Sunday, July 24, 2011

Hand Pollinating Corn 101

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For some folks this may be common knowledge, but I have decided to post some general information on how corn pollinates. I also wanted to include some tips on how I assure proper corn pollination for my home garden.

Corn has a male and a female part and both are needed during pollination just like any plant. The tassel (male) forms at the top of the corn plant, and the silk (female) forms in the middle to lower portion of the plant. The pollen forms on the male tassel in what looks like grains of rice.  The grains of rice are what contain the actual pollen inside them and they are called anthers. Mother Nature uses wind to blow the pollen from the anthers on the tassel and hopefully it lands on a corn silk to complete pollination.  This is why it is preferable to plant corn in blocks in a home garden rather than one long row.  With one row plantings of corn, there is a good chance the wind would just blow your pollen away from the plants.  Each silk on an ear of corn is connected to one corn kernel on the ear and all must be pollinated for the kernel to fully form.

Some people hand pollinate their corn by shaking the stalks, but I prefer actually running my hand across the tassel to collect some pollen anthers in my hand. I then sprinkle them into the silk on the lower portion of the plant. This works great for small gardens assuming you have the time and are tall enough to reach the pollen on the tassel of the corn stalk. I am 6' 2'' so this is not a problem for me. I like this method better than just shaking the plants because I have found the wind will blow the grains of pollen away from the plant while shaking.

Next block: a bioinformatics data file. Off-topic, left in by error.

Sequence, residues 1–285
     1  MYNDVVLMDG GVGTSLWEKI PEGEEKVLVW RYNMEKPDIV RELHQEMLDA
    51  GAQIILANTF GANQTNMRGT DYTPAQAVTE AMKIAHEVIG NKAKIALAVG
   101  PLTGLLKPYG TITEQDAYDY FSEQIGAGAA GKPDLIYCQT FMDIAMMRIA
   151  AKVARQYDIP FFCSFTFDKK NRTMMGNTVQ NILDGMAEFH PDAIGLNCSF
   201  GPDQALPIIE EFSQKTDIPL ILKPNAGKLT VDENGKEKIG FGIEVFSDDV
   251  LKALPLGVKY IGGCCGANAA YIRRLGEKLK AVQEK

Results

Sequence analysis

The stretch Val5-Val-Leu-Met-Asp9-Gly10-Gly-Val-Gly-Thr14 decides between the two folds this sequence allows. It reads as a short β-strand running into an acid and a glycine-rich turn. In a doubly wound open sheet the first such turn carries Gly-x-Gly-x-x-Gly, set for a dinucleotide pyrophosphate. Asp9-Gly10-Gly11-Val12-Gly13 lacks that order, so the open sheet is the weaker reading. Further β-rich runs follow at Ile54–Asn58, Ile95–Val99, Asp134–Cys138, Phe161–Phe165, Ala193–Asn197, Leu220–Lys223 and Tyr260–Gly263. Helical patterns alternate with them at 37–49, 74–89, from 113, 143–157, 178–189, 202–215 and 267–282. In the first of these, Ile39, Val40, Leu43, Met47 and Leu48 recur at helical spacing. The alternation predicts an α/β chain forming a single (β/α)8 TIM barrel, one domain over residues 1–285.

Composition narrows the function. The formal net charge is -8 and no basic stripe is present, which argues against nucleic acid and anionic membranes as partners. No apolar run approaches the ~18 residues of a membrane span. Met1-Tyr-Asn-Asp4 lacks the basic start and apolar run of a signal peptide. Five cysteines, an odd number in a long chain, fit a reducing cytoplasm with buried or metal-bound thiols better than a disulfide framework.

For an even more detailed description on corn pollination, see the link below.
http://www.uwex.edu/ces/crops/Pollination.htm

Up close view of pollen anthers on tassel

To self pollinate, run hands across tassel to grab some pollen anthers

Then sprinkle them in your corn silks to aid in pollination

Close up of corn silk after hand pollinating

Here is a shot of my corn, 4x8 bed of Peaches and Cream, 72 plants

17 comments:

Engineeredgarden said...

I do the same exact thing, because I don't want to risk having incomplete ears at harvest time. Good description - I'm sure lots of people will be helped by this post....

Kris said...

Thanks EG, I don't like having incomplete ears or corn either. I hope all is well, how is your back?

Anonymous said...

How do you keep your corn from falling over in a strongish rain shower? I have corn in raised beds and this happens every time! Ususally right after tasseling and silking. Grr!

Jennifer Bevers

Kris said...

Jennifer - I have been blessed with this planting that they haven't been blown over. (Knock on wood) My first planting this season got blown over three times. I take extra dirt and mound it up around the plants to reset them upright when they are blown over.

The only thing I can recommend is plant the seeds a little deeper than normal and water less frequently but deeply. This forces the roots to reach down to find water and produces a stronger root system. If you water daily the roots never have to reach down to find water.

Although these steps help, sometimes a strong wind can still cause problems. I hope this helps. See related posts below.

http://georgiahomegarden.blogspot.com/2011/04/bad-storm-april-25th.html

http://georgiahomegarden.blogspot.com/2011/05/rain-is-good-thing.html

Gingerbreadshouse7 said...

Kris, thanks loads for the info on pollinating corn..I do declare, I'm old but still learning..don't know if I'll plant any corn, I'm limited with "Almost an Acre" :o)...guess I could make room if I really thought about it..:o)